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Detecting Model Dependence in Statistical Inference: A Response

Gary King, Langche Zeng
DOI: http://dx.doi.org/10.1111/j.1468-2478.2007.00449.x 231-241 First published online: 1 March 2007

When counterfactual questions are posed too far from the data, statistical inference can become highly dependent on seemingly trivial but indefensible modeling assumptions. Choosing one or only a few specifications to publish in the presence of model dependence makes conclusions largely nonempirical and subject to criticism from others who make different choices and find contradictory results. Until now, only relatively narrow attempts to assess model dependence have been used in the literature (such as trying a few different functional form specifications) and, as a result, many published inferences are far more uncertain than standard errors and confidence intervals indicate. When researchers ignore the uncertainty due to model dependence, scholarly works tend to have the flavor of merely showing that it is possible to find results consistent with ex ante hypotheses, rather than demonstrating their veracity. Consequently, the opportunities for researchers to use methods such as the ones we offer to learn new facts about existing studies and avoid problems in their research are considerable.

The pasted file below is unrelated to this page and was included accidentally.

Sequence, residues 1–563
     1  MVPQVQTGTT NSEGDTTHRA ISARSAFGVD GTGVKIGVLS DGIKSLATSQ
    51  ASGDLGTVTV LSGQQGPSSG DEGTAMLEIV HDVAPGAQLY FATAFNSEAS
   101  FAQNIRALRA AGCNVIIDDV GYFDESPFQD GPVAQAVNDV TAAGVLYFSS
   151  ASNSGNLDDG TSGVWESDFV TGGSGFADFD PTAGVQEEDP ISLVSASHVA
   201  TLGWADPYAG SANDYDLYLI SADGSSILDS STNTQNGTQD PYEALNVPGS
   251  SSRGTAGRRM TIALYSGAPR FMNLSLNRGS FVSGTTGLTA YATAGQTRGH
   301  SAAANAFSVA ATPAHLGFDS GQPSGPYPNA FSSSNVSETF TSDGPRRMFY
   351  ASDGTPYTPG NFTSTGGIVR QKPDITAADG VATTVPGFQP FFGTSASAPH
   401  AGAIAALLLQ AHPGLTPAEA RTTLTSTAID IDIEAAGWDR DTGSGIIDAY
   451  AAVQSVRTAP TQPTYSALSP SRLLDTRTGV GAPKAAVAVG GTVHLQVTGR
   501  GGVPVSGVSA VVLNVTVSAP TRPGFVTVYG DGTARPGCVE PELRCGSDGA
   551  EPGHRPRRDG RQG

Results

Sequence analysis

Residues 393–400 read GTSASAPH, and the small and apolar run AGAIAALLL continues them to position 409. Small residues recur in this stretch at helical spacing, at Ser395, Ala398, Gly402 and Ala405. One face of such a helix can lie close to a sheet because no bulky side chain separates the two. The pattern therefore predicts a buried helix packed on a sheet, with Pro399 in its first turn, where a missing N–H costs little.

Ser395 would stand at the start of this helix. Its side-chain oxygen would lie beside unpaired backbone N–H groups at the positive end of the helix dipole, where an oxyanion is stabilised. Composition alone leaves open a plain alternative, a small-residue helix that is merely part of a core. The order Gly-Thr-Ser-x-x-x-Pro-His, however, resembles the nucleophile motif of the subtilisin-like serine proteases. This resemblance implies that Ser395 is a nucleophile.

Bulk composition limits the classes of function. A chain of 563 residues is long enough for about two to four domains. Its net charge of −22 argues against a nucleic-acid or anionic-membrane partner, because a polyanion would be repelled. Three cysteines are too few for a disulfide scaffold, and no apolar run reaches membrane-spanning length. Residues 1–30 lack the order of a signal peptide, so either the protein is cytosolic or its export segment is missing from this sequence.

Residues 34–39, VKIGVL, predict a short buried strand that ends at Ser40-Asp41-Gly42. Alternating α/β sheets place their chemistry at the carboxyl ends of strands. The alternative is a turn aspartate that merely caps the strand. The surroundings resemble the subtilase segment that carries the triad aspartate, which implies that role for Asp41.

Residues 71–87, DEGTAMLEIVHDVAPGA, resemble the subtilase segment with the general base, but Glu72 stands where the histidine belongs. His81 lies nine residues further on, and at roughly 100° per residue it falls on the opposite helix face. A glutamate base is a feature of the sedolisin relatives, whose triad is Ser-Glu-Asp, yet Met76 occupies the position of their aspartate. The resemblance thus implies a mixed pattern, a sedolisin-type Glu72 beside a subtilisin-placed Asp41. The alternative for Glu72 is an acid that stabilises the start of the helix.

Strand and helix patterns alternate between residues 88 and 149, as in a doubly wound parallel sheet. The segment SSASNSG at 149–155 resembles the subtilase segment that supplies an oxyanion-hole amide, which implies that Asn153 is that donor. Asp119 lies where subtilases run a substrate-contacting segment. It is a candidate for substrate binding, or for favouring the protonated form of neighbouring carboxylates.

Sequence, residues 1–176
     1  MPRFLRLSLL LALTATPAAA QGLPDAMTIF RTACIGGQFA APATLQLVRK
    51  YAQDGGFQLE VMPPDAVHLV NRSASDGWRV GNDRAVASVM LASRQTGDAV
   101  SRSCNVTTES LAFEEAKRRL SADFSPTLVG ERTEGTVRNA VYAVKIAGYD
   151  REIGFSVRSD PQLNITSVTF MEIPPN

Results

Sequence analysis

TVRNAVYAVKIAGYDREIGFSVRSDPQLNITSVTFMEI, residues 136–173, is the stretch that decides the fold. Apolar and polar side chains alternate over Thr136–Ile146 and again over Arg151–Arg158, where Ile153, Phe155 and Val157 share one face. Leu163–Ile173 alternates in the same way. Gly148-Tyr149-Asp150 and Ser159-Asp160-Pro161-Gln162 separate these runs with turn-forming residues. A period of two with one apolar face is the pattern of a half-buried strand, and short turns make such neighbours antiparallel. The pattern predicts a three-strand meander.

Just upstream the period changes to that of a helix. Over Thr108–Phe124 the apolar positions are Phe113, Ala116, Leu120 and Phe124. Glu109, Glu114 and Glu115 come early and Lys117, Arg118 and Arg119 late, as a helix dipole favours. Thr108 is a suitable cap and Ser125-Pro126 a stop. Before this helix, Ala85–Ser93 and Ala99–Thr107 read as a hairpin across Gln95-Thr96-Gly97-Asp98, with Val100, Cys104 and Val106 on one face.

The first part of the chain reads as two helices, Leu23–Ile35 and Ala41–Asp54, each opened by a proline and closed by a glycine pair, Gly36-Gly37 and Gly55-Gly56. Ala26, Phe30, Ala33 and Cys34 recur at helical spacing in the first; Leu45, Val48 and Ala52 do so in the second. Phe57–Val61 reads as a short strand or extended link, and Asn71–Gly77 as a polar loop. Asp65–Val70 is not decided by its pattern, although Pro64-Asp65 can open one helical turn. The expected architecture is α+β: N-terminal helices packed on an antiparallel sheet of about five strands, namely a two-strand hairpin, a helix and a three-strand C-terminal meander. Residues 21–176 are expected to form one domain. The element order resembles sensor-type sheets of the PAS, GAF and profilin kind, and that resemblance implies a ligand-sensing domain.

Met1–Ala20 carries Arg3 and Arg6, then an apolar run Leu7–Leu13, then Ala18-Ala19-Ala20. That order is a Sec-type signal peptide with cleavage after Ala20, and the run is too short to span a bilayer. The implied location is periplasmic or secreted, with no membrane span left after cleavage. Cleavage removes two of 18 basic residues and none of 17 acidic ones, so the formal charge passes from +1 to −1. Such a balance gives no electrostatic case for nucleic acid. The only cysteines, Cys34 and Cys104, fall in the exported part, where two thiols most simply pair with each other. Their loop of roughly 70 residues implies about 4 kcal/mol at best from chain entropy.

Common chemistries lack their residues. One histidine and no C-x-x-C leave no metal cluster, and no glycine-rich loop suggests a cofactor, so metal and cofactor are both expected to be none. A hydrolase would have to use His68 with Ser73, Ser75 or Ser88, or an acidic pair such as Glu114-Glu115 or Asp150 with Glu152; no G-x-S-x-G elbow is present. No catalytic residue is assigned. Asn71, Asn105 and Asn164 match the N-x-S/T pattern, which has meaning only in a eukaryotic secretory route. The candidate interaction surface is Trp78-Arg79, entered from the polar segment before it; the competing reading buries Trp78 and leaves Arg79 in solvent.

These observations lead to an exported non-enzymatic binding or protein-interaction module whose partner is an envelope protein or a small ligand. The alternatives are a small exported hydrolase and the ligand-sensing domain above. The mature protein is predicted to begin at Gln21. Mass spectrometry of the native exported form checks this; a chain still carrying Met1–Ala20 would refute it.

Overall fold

Although the comments contain a diversity of views, we are gratified to see that all three endorse our central message. Morrow: “It is important to know when counterfactual statements drawn from statistical estimates wander far from the data used in estimates.” Schrodt: “I am not contesting the general cautions made by the authors: models with different functional forms can diverge substantially, predictions made for sets of independent variables similar in value to those used to estimate a model are more likely to be accurate than predictions for more distant values, and specification error can really mess up regression models.” Sambanis and Doyle (S&D): “statistical results should not be taken too far [from the data] and … any extrapolation depends on the model.”

On some other issues, the reviewers disagree with each other or with us. Fortunately, …

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